Euro 2004…with 24 teams
Beginning after a World Cup full of shocks in the Far East, Euro 2004 qualification would continue the surprises. The biggest came in Group Six where Greece, who hadn’t qualified for a major tournament since the 1994 World Cup, topped the group ahead of 2002 quarter-finalists Spain. Belgium missed out as Bulgaria qualified for their first post-Stoichkov tournament, while Switzerland returned to the fold for the first time since Euro 96 ahead of Russia and the Republic of Ireland.
The play-offs would thus see a wide range of teams, including Spain, the Netherlands (beaten by the Czech Republic in their group), World Cup semi-finalists Turkey, Russia, Croatia, Slovenia, Norway, Scotland and two more surprise packages, Wales, who had inflicted Italy’s only defeat of the campaign, and Latvia, who beat Poland into second in Group Four.
In a dramatic series of games, the biggest teams progressed: the Dutch, inspired by a Ruud van Nistelrooy, hat trick, beat Scotland 6-0 in the second leg despite losing 1-0 in Glasgow, and Spain beat Norway 3-0 in Oslo to secure a 5-1 aggregate win. But the rest went down to the wire. Despite securing a 0-0 draw in Moscow, Wales lost 1-0 at home, with Russia progressing despite a positive drugs test for midfielder Yegor Titov, while a second half goal from Dado Prso was enough to give Croatia a 2-1 aggregate win over Slovenia in Ljubjana. But the big shock came in Istanbul. Latvia had won 1-0 in Riga, but went 2-0 down in the second half. However, goals from Jurijs Laizans and Maris Verpakovskis secured their first qualification for a major tournament.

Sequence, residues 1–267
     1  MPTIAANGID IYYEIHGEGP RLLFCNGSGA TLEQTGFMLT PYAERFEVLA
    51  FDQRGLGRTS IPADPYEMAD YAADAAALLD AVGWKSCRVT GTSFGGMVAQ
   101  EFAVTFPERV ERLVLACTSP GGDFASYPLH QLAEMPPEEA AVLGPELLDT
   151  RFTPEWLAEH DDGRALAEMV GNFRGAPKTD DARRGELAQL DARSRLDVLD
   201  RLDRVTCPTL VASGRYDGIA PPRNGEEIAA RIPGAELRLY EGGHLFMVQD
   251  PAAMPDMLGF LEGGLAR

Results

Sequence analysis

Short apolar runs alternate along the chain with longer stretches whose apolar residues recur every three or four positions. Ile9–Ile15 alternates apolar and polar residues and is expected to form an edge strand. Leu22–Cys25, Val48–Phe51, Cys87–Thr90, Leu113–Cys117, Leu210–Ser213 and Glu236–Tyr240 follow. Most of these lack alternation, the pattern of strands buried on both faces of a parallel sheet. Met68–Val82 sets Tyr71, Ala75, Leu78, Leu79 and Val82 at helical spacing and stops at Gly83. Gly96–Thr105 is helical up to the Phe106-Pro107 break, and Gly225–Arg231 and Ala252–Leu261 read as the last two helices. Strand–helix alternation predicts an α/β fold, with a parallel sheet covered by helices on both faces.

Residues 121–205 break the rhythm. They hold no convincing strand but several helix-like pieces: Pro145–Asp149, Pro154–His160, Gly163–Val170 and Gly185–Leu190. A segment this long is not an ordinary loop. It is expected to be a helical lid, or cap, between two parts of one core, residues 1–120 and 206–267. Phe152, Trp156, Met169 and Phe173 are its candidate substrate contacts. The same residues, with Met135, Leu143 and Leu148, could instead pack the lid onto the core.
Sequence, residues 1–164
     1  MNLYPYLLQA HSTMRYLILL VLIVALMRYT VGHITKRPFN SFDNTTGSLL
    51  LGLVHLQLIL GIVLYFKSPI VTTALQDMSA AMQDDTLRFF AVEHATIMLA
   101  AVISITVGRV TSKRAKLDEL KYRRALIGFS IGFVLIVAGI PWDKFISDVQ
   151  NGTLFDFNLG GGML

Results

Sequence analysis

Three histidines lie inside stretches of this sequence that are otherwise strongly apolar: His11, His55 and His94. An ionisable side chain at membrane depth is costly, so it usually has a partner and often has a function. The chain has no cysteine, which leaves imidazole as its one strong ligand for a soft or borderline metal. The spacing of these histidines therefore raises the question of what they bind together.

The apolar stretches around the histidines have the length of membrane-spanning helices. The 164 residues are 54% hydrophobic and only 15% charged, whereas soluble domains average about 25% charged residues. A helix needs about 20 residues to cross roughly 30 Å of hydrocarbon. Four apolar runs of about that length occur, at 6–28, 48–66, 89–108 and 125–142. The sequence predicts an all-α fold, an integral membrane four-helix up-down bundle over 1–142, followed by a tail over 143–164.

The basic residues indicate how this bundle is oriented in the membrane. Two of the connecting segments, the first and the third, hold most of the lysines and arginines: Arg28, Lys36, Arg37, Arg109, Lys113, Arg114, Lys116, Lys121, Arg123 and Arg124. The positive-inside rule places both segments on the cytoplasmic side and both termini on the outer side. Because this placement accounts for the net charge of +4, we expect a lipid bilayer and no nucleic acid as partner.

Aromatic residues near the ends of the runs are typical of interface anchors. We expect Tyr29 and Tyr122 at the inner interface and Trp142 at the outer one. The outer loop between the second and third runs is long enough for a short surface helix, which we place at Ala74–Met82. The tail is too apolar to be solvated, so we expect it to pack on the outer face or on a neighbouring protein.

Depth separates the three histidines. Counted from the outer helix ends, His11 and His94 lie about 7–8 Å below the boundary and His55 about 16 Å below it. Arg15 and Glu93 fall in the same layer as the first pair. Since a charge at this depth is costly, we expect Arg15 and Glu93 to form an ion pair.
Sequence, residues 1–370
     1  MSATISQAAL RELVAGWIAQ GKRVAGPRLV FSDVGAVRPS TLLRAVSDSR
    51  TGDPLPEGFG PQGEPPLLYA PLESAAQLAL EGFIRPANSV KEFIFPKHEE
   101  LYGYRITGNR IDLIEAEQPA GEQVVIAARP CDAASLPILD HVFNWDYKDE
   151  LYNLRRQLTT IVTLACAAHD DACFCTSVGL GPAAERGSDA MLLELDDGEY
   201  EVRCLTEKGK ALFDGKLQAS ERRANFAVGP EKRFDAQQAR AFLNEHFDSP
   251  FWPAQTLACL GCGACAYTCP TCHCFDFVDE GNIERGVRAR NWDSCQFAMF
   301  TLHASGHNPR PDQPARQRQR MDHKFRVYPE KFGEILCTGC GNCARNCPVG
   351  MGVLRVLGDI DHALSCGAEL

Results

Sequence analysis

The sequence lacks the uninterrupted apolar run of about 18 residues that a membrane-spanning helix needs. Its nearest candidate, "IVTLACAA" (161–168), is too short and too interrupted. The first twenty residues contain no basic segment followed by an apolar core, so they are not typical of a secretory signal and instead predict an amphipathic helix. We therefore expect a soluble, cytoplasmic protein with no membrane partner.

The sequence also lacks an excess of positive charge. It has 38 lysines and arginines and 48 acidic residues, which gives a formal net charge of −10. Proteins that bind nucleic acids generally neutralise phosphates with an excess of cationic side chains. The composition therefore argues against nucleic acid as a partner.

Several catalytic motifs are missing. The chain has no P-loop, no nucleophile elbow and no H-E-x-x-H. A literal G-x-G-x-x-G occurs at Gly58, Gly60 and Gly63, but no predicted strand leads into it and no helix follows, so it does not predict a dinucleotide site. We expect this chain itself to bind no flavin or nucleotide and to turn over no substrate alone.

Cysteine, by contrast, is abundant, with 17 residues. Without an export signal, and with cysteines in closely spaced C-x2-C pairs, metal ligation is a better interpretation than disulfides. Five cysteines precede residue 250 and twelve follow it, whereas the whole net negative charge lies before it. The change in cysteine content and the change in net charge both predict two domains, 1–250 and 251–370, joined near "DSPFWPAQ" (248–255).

They joined all of the other juggernauts in Portugal – France qualified winning all eight of their group games, while England and Germany all progressed without defeat, and Sweden and Italy also confirming their presence. But who would have been the other eight teams to make it a 24-team tournament?
The additional qualifiers
Again, all five of the losing play-off teams would have been guaranteed a place in the finals, as finishing in the top two of a group would have been enough.